One Hundred and One Songs Are Promised for Tomorrow
Joel Climenhaga, signed by author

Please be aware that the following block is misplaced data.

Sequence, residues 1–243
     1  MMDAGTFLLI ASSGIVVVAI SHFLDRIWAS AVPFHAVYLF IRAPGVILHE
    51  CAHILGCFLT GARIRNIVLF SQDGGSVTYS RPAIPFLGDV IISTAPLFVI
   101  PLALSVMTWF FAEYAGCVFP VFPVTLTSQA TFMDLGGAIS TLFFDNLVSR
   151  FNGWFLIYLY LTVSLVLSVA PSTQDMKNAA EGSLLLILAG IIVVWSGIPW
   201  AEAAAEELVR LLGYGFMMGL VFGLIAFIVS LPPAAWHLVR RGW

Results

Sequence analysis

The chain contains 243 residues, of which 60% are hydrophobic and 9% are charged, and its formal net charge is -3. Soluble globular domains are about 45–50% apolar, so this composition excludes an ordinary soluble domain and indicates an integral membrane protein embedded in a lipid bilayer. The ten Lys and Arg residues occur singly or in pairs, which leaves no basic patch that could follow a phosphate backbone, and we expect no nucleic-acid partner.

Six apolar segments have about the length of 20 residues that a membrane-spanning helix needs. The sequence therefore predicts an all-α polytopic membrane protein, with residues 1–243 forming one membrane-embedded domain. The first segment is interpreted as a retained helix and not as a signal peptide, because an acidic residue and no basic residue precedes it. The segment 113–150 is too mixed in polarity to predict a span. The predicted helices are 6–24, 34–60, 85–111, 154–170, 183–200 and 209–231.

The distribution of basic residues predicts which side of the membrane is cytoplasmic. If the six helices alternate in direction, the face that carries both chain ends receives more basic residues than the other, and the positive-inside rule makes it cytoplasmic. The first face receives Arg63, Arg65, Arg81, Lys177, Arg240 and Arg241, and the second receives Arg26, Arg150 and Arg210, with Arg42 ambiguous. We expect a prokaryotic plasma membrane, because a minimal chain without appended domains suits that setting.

Joel Climenhaga was born on 4/9/22 in Bulawayo, So. Rhodesia (Zimbabwe), of missionary parents, living there until ’29. As a boy he lived in Canada, Oklahoma and California, moving to Pennsylvania when in high school. He dropped out of college after three semesters, going to work as a proofreader for a newspaper in Pottstown, PA. At the same time, he also wrote a gossip column for a local pictorial magazine. He moved back to California in ’42, where he worked as a laborer in a lemon packinghouse and as a warehouseman in steel mills, as well as working for two newspapers. He served in the Army in WWII, being discharged in ’46. After being out of school for over seven years, he resumed formal education under the GI Bill at Chaffey College, in Southern CA, later earning degrees in Theater Arts (BA ’53, MA ’58) at UCLA. He took additional graduate work at Stanford, Kansas State, the University of Kansas and International College. He married Zoe Lenore Motter in ’55. They are parents of a son (Neal) and three daughters (Anna, Greta and Miriam). WWhen first married, he taught high school in Pennsylvania, as well as being a technical writer for Douglas Aircraft Company in California. Also, he was a free-lance screenwriter in Hollywood. He became a college teacher in ’58 at Wilmington College, where he was Director of Creative Writing. He also taught at The University of North Carolina at Chapel Hill, at Culver-Stockton and at Kansas State, where he remained for 19 years. After “retiring” from Kansas State in ’87, he taught for another five years – at Tarkio College, then at Teikyo Westmar University, Iowa. In ’61 he originated TRANSIENT PRESS, when he published the first issue of Seed, a poetry magazine, under its imprint. During the greater part of the ’60’s, other magazines (Jacaranda, Ferment, Rananim and Open Letter) were published through TRANSIENT. Later, during the ’70’s and ’80’s, other ephemeral poetry magazines and literary journals were published irregularly under his editorship through TRANSIENT; these included Awakening, The Back Shelf Dispatch, Below Ground Level, Counsel for the Offense, Foundation, Greenage, Inner Dimension, Jonah’s Gourd, Lighthouse in the Coming Storm, Noah, Only Two Believers, Qua Qua, Rock Drill, Scop, Stone Cottage, This Time, White Lion and Zymosis. He dates his beginnings as a writer from when he was 15, at which time he wrote a series of short stories and some poems based on memories of his African childhood. Since then he’s written in all forms, believing there are no boundaries on creativity. As a playwright, he has written 19 plays – of which 17 have been produced (there have been a combined total of more than 150 productions of his plays). Also, he has given numerous readings of his poetry. Active as a theatre artist for over 50 years, he’s directed 136 productions (of which 63 were productions of new plays) and also has acted in 53 productions. From ’81 to ’87, he had a weekly radio program, One Man’s Journey, which was broadcast over Radio Station KSAC, which later became Radio Station KKSU, Kansas State University, an NPR affiliate. He thinks of himself as a transcendentalist. Nevertheless, he believes that the human species is on a collision course with tragedy and if it is to survive there must be a world-wide effort made concerning over-population, as well as a cross-cultural rejection of nationalistic jingoism and religious intolerance, so that we may realize we are all citizens of one planet.